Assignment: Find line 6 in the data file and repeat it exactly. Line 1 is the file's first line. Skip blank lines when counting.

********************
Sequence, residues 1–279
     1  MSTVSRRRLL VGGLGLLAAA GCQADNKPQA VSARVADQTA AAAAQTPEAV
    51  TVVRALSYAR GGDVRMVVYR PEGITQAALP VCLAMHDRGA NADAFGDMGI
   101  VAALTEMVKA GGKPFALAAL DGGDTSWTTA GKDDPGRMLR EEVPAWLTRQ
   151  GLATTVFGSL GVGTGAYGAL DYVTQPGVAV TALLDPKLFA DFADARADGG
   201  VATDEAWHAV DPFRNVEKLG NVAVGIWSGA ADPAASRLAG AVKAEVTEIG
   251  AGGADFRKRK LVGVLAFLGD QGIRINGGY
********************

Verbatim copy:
   201  VATDEAWHAV DPFRNVEKLG NVAVGIWSGA ADPAASRLAG AVKAEVTEIG